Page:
Category Archives: amazon

Amazon EC2 Cloud Outage: Hiccup or Wakeup Call?

amazon web services outageLast week Amazon Web Service’s (AWS) Elastic Compute Cloud (EC2) was down…not just minutes, or hours, but for days. In the process it took down a significant chunk of new web services like Foursquare, Quora, Reddit, and multiple IZEA properties such as WeReward, SponsoredTweets & SocialSpark. Those were long hours and days…

It was frustrating at a business level, but also as an investor in web services, I hated watching the impact cloud was showing for an entire sector. Cloud computing has been flying lately, including innovations like Amazon’s Free Usage Tier to help entrepreneurs launch quick and pay when they actually have something growing. An outage like this was inevitable, but how much damage will it do?

I know the experience has caused pursuit of backup solutions, but I’m curious how much this outage impacts entrepreneur dependence upon cloud long-term. Given the cost and scale benefits of cloud, was this outage a hiccup for entrepreneurs or a wakeup call to rethink cloud dependence?

Amazon, Twitter and Operant Conditioning

twitter downtimeTwitter/FriendFeed updates announced Amazon.com was down for at least an hour this morning. It has since come up and down a few times. CNet, Mashable, TechCrunch and, thus TechMeme, eventually realized it too. It’s up for me now.

I have no idea what happened, but I know Amazon gets a surge of buzz/traffic when it returns. I’ve seen Twitter leverage this strategy masterfully, reaping the rewards of variable scheduling to maximize conditioned behavior.

Wikipedia’s description of operant conditioning has this to say about fixed and variable scheduling of stimulus:

“According to the laws of operant conditioning, any behavior that is consistently rewarded, every single time, will extinguish at a faster rate while intermittently reinforcing behavior leads to more stable rates of behavior that are relatively more resistant to extinction. Thus, in detection dogs, any correct behavior of indicating a “find,” must always be rewarded with a tug toy or a ball throw early on for initial acquisition of the behavior. Thereafter, fading procedures, in which the rate of reinforcement is “thinned” (not every response is reinforced) are introduced, switching the dog to an intermittent schedule of reinforcement, which is more resistant to instances of non-reinforcement.”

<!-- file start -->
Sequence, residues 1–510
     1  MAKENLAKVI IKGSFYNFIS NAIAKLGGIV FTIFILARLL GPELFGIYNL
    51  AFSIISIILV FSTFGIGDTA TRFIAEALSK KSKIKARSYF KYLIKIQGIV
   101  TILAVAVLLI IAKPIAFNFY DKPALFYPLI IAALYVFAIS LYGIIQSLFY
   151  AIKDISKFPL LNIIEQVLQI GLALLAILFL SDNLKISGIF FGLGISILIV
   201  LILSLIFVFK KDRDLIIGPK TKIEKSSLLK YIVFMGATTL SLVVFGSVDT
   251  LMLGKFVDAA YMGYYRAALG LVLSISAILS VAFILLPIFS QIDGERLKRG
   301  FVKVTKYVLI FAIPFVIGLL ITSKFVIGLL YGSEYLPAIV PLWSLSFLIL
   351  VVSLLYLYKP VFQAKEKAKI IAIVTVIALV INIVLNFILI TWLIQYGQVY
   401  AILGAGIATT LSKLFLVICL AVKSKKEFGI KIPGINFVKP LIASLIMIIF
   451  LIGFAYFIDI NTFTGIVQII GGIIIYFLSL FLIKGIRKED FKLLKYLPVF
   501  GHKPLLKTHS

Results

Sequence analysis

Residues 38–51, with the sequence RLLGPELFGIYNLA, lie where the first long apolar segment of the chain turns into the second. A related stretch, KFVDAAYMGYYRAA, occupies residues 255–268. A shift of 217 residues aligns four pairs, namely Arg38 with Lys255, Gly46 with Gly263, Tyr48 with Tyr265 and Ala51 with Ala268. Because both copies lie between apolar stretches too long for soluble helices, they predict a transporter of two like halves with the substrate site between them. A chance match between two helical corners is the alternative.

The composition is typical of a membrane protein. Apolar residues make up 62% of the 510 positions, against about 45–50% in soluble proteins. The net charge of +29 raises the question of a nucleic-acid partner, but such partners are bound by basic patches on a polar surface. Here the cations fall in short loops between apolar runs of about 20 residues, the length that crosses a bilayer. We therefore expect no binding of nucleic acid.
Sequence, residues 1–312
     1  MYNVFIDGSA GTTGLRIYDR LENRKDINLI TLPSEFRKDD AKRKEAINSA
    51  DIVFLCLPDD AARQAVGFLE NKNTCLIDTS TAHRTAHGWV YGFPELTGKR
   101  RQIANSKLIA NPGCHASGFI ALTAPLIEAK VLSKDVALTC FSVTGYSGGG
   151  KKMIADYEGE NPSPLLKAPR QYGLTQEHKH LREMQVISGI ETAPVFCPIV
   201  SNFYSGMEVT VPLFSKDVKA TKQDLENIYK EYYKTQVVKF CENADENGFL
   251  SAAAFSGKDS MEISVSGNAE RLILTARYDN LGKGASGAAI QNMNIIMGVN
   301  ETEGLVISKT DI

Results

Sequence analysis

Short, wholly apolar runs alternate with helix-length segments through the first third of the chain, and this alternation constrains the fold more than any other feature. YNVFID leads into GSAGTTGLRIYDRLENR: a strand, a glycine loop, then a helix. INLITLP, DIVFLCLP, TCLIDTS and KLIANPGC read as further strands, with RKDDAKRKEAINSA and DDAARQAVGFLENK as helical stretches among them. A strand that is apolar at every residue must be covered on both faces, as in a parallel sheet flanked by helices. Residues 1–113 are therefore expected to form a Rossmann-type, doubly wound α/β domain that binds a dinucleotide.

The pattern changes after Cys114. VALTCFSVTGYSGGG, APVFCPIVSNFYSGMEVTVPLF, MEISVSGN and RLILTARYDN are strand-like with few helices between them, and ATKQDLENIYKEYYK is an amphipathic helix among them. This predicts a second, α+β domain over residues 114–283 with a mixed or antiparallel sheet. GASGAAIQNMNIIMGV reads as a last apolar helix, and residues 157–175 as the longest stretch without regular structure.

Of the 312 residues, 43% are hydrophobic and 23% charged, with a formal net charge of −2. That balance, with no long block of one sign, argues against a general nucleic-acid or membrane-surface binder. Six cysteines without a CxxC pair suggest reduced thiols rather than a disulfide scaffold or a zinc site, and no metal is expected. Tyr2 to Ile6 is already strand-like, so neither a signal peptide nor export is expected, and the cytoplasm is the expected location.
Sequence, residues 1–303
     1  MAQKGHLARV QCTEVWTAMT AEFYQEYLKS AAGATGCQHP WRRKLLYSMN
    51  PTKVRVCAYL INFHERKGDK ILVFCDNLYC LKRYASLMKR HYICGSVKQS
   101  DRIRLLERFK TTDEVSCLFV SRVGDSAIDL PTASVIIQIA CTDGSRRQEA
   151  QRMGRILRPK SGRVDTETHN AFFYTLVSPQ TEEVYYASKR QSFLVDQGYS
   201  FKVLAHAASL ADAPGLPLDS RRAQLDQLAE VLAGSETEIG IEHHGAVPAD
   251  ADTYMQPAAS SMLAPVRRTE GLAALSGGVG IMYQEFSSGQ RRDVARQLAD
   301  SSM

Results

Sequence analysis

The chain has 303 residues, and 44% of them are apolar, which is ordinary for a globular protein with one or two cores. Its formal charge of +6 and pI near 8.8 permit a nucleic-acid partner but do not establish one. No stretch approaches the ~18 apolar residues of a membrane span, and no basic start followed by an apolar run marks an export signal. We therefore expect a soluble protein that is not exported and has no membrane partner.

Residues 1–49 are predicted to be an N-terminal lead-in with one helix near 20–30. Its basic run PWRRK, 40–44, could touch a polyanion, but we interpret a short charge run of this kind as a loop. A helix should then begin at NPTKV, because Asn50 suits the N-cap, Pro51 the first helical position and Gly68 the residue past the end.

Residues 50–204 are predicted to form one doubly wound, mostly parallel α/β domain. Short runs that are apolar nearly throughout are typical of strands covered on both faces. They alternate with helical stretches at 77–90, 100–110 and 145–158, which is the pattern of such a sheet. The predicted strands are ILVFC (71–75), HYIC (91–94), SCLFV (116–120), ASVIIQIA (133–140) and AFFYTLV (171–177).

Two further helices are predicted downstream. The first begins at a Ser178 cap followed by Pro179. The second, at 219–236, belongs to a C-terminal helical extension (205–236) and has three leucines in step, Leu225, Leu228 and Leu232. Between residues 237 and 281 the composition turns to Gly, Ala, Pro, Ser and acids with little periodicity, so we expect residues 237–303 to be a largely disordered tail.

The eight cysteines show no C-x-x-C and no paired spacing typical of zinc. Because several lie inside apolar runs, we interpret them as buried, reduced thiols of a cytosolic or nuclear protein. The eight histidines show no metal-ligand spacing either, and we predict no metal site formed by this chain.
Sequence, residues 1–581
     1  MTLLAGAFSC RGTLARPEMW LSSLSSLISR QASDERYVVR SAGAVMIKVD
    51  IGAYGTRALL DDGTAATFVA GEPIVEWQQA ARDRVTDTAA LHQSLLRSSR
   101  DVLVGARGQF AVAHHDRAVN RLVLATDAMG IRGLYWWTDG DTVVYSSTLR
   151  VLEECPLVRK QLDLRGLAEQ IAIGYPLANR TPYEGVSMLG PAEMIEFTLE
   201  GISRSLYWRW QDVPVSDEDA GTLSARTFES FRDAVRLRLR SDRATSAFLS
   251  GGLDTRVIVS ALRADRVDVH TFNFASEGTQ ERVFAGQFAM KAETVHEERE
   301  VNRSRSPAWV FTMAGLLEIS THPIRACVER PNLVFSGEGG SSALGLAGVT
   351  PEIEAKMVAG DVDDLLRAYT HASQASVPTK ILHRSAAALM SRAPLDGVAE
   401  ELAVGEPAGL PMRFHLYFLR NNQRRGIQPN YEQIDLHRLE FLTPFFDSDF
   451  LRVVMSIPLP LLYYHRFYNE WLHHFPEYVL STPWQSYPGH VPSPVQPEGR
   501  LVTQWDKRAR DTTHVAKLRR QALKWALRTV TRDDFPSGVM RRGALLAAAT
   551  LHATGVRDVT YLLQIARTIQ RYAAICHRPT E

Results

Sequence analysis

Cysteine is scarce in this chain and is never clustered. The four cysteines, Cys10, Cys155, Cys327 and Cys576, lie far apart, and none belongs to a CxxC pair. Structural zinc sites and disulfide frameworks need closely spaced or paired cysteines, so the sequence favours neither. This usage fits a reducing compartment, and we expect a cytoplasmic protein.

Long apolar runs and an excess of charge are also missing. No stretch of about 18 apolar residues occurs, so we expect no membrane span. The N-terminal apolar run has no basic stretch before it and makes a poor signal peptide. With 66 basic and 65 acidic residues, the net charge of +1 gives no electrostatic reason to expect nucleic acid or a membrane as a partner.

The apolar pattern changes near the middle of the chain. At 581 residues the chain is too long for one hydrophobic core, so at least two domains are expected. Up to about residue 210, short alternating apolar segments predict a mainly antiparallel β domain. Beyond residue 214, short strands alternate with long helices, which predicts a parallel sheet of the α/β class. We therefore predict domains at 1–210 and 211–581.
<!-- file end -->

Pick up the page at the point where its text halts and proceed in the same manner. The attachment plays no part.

Image above from Reinforcement Schedules (VR line shows maximum impact from Variable ratio schedules)

Applying this to Twitter’s intermittent downtime and you can see how Twitter awareness is reinforced every time Twitter comes back from an outage. Services like Twitter need people addicted and, ironically, random outages can help drive the addiction. Hopefully, Amazon’s lost sales make it too painful for them to follow a similar approach…

PayPerPost Gets Some Love, and Gives Some

Arrington had some nice things to say about one of my portfolio companies today. So did Scoble. Interesting that neither one touched the topic of undisclosed affiliate marketing bloggers — a multi-billion dollar FTC magnet (supposedly 40% of Amazon sales come from affiliate links — with disclosure requirements entirely absent in their Operating Agreement). Luckily, PPP’s Disclosure Policy framework can help all those affiliate bloggers who have hundreds of undisclosed aff posts in their SE-indexed archives…

That’s not the only thing PPP is helping with. They just launched another $1000 puzzle — about RockStartup. If you haven’t already found RockStartup, the world’s first real-time reality show, check out what it’s like in the belly of a venture-backed startup. After you’ve done that, collect this piece #19 and find/assemble the full puzzle first to win $1000.